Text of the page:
Living in the fast-paced twenty-first century brings with it a great deal of unavoidable stress and with that, a side-order of sleep deprivation and decision-anxiety about diet and food choices. Because of the chronic stress we are constantly exposed to, we are also putting on weight.
Consider this: According to Shawn Talbott, P.h.D, and author of ‘The Cortisol Connection – Why Stress Makes You Fat And Ruins Your Health, And What You Can Do About It’, Stressed out people eat more and their diet invariably consists mostly of junk. Stressed-out people have more belly fat (and thus more diabetes as a result). Stressed out people exercise less due to ‘time-stress’ and are constantly tired during the day. Despite this, they can’t get a good night’s sleep. Stressed out people also have a greater risk of heart attack and depression.
So what exactly is stress?
We all encounter varying degrees of stress in our daily lives. Hans Selye, the renowned psychologist who coined the term ‘Stress’ defines it as “…the non-specific response of the body to any demand made upon it”. Talbott defines it as “what you feel when life’s demands exceed your ability to meet those demands.” In our day to day lives, we face not only physical but also psychological and social stress. While some psychological stress is real (like our monthly bills or taxes), some are purely imaginary (like stressful encounters we imagine we might have with our boss, co-workers, kids, others). Other factors such as physiological ones like lack of sleep, chronic infections, environmental toxins and too much exercise also cause stress.
How does Stress make us fat?
Chris Kresser, a leading expert in the field of functional and integrative medicine explains that when stress becomes chronic and prolonged, our body secretes a hormone called Cortisol, which is otherwise released in a specific rhythm throughout the day. It is usually high in the mornings, enabling us to wake up and get going, and tapers off slowly throughout the day so that we can fall asleep.
Recent research has shown that chronic stress does two things:
- It increases the absolute levels of cortisol
- It disrupts the natural cortisol rhythm, which sends our bodies into havoc-mode
The disruption in cortisol rhythm wreaks havoc on our bodies in several ways – raising our blood sugar, making it harder for glucose to enter our cells, making us hungry and crave sugar, reducing our ability to burn fat, causing hormone imbalance to name a few.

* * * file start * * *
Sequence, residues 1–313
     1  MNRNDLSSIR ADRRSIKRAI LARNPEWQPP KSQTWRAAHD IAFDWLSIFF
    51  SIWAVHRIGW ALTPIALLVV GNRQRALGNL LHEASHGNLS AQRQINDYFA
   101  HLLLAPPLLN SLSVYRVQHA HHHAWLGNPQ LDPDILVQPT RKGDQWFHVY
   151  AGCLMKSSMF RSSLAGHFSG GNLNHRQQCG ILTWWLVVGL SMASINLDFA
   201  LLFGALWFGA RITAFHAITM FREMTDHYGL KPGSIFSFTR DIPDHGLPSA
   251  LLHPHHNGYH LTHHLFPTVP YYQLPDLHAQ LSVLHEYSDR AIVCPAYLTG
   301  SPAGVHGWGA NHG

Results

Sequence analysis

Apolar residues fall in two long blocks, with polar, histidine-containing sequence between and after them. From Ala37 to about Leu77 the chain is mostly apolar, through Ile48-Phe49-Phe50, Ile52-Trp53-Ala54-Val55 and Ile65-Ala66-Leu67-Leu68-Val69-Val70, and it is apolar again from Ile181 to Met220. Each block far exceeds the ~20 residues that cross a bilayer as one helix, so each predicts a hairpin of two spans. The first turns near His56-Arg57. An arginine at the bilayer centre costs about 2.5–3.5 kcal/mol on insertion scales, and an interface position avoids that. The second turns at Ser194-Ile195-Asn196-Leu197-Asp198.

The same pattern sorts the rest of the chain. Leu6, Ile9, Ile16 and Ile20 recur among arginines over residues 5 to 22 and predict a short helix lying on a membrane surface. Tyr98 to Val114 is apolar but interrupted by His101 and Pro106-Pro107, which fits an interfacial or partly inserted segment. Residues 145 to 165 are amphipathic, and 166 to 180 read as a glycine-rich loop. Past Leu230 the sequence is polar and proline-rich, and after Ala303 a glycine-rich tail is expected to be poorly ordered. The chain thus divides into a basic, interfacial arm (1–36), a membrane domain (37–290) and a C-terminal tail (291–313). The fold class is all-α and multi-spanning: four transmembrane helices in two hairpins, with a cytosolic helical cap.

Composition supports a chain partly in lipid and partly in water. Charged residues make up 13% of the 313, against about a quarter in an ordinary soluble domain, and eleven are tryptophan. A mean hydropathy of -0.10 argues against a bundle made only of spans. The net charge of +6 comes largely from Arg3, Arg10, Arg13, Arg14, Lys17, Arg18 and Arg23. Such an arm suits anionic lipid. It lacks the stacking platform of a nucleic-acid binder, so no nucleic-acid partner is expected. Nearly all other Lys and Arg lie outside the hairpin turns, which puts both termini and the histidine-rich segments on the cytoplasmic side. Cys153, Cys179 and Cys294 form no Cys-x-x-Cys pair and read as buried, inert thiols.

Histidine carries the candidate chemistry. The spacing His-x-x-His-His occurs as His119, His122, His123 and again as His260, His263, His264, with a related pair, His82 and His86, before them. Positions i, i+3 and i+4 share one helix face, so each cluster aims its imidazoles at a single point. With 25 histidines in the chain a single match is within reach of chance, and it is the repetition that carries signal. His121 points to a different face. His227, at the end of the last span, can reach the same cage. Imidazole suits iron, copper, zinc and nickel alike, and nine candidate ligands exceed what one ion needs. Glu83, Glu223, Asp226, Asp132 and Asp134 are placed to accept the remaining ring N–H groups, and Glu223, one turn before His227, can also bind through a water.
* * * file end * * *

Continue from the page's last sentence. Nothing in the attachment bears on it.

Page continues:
Each of the above-mentioned effects of chronic stress causes us to gain weight and puts us at a high risk of diabetes.
What can we do about it?
Controlling the cortisol levels will yield benefits and aid in reducing the impact of stress in our daily lives. Returning cortisol to an optimal range will help you reduce body fat, preserve muscle mass, normalize your appetite, and increase energy levels – and these are just a few of the effects you will be able to feel, while other ‘silent benefits’ like normal blood sugar, low cholesterol, maintaining brain power and stronger immune system will also occur.
Three easy ways we can achieve this are outlined below:
A moderate level of exercising releases “happy hormones” or endorphins in our systems and keeps cortisol under check, which is essential for managing stress. If you’re not an ‘exercise’ enthusiast, try going for evening walks in nature and lay emphasis on being active.
Being well rested helps us to manage our stress better. Switch off all gadgets an hour before bedtime and try light-reading, listen to calming music, or take a relaxing hot shower before bed which can help soothe you.
Practice Breathing Techniques
Try some deep breathing exercises to reduce stress. It helps in relieving exhaustion, controlling anger, improves cortisol and blood pressure levels. You may like to scour YouTube for some guided breathing practices.
Combating stress can take some effort and time, so above all, it is important to be consistent and patient in your efforts. Keep trying and remember to seek professional help when you feel you need it.